Whether it be for our commercial clients on their expansive properties or our residential clients where space must be maximized, we want to create beauty. For commercial property owners, this is to attract new business and wow current tenants, while homeowners want to improve their curb appeal. Both goals require a healthy landscape, which leads to better-looking plant material. One material that we use to keep plant installations healthy is mulch. The most common landscaping material, mulch provides a bunch of benefits to any plant bed, protecting soil and roots. It insulates them from both cold and heat and acts as a barrier to disease and weeds. Mulch is typically separated into organic and inorganic varieties, with different types falling into each category. We are going to go over five of those mulch types today, noting the advantages and disadvantages of each.

bark mulchBark Mulch

Likely the most common type of organic mulch, the bark is very aesthetically pleasing, and a staple of the American landscape. It will naturally add nutrients to the soil over time as it decomposes, and it can be found in a wide range of colors. It is pretty hardy overall and does not need to be replaced as often as other organic types. However, it can eat up some nitrogen if allowed to sit deeper in the soil.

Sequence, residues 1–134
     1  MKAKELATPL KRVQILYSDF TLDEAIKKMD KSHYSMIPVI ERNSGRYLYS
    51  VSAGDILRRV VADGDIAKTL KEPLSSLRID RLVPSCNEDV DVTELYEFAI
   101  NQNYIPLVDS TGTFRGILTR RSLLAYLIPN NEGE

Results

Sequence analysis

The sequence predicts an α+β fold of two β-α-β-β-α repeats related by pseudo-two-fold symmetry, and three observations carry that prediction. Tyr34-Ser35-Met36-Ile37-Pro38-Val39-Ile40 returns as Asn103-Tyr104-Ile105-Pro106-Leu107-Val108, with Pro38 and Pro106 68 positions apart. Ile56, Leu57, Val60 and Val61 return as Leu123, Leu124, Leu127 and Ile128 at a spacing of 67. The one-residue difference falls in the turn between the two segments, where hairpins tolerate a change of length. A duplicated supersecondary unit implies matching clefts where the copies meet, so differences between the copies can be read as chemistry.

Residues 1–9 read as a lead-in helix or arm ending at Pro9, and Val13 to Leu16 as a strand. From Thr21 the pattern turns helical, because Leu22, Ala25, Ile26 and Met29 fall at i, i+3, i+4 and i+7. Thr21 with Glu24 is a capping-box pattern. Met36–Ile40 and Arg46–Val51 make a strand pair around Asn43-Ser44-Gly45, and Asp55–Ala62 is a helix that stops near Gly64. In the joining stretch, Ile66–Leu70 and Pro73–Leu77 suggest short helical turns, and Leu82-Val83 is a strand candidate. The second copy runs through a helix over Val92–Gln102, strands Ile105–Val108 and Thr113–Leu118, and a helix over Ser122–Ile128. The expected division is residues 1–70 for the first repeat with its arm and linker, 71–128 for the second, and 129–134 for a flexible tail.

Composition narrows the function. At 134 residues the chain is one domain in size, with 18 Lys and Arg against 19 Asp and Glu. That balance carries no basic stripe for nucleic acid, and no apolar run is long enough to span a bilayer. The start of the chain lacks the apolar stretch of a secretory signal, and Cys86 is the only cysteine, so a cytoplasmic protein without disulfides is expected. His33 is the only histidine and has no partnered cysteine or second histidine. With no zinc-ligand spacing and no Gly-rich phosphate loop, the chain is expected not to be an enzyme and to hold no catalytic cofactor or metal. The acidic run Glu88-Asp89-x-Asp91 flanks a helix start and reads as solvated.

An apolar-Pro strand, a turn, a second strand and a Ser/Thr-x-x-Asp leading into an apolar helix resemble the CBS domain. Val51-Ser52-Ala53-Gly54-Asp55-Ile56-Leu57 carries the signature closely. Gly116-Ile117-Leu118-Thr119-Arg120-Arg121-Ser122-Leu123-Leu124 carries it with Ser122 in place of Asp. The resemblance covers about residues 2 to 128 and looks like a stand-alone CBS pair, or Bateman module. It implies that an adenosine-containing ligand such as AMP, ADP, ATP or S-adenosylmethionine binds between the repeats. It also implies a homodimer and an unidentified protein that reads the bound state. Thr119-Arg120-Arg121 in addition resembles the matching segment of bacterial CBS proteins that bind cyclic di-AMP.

straw mulchStraw Mulch

Another organic type, the major downside is that straw will not do much in the name of keeping weeds out of your plant bed. It is also flimsy and easily displaced, which can lead to a need for a replacement sooner than expected. It adds nutrients to your soil like an organic option should, and is a good choice for use with edible plantings. The straw will also help your soil retain moisture.

decorative rock Rock Mulch

The first inorganic type we will be discussing, rock mulch is one of the most beautiful mulch choices. It will maximize the aesthetic benefits, as well as the insulation of soil, prevention of soil erosion, and spread of weeds. Rock mulch is also extremely sustainable, and low maintenance. It would not need to be replaced for many years and requires little work to clean. The disadvantages are that the mulch will not add any nutrients to the soil.

grass clippings Grass Clippings Mulch

For a very rudimentary mulch option, you can actually use grass clippings. This is because your grass clippings are organic material, full of microorganisms that can actually feed your soil. They are inexpensive, but you also run the risk of adding weed seeds to your soil, which is why we do not recommend this option. As you can guess, it would not be the most aesthetically pleasing option, definitely outdone by the likes of bark and rock.

wood chip mulchWood Chip Mulch

Back to the common organic mulch types option, wood chips are used in a similar fashion to bark. Often found in playgrounds to soften the falls of children, they look very good in any landscape. However, they are not so great for plant beds as they will take from existing nutrients without providing any. They are much better used underneath trees or shrubs as an aesthetic option, or under your child’s jungle gym.

For more information on how Estate Landscaping can take care of your landscaping needs visit our website, give us a call at (239) 498-1187, or send us an email at info@estatelandscaping.com.

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